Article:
Savings rate falls to lowest level since 2007

A recent report came out stating that Americans saved about 3.6% of their money during the month of September, the lowest level of saving since December 2007. Many argue that it is difficult to individuals to save because prices are higher and they must spend more of their disposable income on necessities.

By Annalyn Censky
October 28, 2011: 11:16 AM ET
CNN Money

NEW YORK (CNNMoney) -- The good news is, a recent pick-up in consumer spending is fending off fears of another U.S. recession.

The bad news is, it's coming at the expense of Americans' savings.

On average, consumers put 3.6% of their hard-earned dough into savings in September, the government reported Friday. It marks the lowest level of saving since December 2007, when consumers stashed away only 2.6% of their income.

But deciphering the meaning of the savings rate is a tricky business.

On one hand, many economists had hoped the Great Recession would spark a newfound period of thrift and frugality, lessening consumers' vulnerability to financial shocks in the future. (The recession did have this effect for a while, sending the savings rate as high as 7.1% in mid 2009.)

On the other hand, American businesses have argued that without an increase in demand for their products, there's no incentive for them to create more jobs. If consumers continue to save rather than spend their money, why should the restaurant down the street, the local big-box retailer or even large American manufacturers ramp up their hiring?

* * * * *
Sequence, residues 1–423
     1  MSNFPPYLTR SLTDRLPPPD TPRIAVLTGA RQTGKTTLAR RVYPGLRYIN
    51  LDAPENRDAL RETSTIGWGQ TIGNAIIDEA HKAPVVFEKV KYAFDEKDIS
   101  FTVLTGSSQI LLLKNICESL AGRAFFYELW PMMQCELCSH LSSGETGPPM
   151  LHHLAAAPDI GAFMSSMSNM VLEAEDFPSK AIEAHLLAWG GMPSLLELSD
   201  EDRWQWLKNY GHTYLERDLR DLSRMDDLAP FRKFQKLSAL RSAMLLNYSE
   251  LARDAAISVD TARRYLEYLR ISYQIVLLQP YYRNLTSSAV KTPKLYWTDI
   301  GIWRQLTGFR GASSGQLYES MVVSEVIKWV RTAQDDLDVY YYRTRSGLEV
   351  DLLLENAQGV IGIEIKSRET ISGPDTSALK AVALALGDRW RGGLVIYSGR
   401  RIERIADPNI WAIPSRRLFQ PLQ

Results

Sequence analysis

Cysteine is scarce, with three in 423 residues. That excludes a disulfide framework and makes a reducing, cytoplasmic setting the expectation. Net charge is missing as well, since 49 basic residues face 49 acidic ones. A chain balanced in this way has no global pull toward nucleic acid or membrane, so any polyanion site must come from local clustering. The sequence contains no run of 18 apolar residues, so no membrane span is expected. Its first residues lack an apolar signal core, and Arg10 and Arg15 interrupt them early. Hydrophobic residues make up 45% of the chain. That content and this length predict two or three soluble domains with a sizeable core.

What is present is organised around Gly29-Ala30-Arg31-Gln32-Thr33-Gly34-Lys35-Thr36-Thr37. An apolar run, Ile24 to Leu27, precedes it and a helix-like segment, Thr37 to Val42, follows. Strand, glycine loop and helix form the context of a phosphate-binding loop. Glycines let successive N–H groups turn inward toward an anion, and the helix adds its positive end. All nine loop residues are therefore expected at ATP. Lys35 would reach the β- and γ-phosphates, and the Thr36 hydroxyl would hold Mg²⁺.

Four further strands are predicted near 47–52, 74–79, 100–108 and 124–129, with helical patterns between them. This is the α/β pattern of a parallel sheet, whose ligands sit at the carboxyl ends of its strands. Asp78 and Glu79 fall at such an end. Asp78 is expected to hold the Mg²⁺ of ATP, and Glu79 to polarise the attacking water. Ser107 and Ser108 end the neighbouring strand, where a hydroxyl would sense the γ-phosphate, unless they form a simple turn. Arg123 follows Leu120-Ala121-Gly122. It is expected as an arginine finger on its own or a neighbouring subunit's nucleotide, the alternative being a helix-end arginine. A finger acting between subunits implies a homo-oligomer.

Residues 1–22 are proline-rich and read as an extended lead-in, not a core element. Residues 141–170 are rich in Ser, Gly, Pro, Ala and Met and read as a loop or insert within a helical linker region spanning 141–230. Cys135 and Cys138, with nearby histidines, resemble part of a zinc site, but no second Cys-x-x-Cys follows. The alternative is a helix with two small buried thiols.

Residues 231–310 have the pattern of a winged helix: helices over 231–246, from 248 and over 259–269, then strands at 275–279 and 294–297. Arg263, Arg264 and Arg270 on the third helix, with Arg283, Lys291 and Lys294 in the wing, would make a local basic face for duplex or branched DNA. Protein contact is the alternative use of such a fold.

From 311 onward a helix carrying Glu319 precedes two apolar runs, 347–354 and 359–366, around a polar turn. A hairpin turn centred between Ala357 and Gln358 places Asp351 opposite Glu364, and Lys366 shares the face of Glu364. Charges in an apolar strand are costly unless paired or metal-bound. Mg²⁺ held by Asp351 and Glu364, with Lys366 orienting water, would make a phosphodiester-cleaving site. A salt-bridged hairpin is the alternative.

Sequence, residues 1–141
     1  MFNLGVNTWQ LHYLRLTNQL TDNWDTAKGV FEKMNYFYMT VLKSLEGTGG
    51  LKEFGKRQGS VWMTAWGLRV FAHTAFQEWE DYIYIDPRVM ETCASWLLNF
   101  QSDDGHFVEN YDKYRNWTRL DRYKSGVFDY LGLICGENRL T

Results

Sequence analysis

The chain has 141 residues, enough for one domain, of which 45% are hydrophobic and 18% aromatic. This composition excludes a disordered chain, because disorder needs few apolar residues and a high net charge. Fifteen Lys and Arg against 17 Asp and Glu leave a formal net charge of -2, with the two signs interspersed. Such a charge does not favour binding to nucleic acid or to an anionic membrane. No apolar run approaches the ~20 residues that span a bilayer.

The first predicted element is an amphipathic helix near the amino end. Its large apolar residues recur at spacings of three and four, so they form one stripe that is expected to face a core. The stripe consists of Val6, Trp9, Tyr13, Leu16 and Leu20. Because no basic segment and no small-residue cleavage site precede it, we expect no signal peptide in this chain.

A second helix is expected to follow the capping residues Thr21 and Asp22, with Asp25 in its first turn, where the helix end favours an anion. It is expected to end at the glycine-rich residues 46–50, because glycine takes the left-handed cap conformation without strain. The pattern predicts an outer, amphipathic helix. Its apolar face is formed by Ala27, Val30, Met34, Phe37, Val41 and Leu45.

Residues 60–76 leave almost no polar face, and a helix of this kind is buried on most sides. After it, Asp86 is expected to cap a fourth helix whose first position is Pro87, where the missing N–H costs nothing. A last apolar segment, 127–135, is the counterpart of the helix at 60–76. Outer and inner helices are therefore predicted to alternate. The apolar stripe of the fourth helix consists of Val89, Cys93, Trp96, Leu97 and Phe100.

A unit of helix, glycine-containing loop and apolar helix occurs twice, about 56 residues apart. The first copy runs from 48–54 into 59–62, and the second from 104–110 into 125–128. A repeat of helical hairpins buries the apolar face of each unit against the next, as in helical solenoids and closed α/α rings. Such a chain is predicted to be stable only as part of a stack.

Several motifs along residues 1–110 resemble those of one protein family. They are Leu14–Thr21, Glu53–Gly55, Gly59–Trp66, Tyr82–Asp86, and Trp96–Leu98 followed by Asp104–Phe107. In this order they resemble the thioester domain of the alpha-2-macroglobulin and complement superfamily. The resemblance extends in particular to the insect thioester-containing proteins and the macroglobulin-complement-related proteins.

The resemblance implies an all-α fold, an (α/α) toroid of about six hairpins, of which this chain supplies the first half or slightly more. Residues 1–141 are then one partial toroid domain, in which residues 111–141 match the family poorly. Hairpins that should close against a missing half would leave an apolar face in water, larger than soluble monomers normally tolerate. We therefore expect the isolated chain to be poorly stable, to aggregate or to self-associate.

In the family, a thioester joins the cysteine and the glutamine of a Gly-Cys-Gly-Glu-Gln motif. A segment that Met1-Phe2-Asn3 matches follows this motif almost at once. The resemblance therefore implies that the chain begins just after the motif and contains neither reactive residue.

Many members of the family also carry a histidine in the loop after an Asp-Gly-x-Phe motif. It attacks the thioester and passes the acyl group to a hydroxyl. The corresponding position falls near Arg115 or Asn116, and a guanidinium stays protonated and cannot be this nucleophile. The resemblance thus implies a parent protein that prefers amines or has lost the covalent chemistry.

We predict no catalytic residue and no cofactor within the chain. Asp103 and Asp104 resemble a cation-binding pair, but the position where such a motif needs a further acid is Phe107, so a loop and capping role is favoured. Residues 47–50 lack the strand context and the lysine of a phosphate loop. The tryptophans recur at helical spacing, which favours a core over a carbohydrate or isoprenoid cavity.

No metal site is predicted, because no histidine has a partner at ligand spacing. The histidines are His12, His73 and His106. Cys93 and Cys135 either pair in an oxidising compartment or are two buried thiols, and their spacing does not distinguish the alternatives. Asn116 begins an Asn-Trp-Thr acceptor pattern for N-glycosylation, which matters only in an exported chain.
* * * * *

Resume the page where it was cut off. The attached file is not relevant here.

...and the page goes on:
On Thursday, the government's latest report on U.S. economic growth showed that since July, consumers have started to slow down the amount they add to their savings, to ramp up their spending more instead.

Adjusted for inflation, consumer spending rose 2.4% in the third quarter.

That was not only strong enough to boost overall economic growth in the recent quarter, it also led some economists to boost their forecasts for fourth quarter growth.

But at the same time, others are reluctant to carry their optimism into their 2012 forecasts.

Mark Vitner, a senior economist at Wells Fargo, points out that the increase in spending has come even as consumers saw their disposable income fall 1.7% in the third quarter (adjusted for inflation and taxes).

"The sluggish income growth cast doubts on how sustainable the pickup in economic growth is," he said. "Without an increase in income, consumers can't afford to keep increasing their spending at the the pace that they have."

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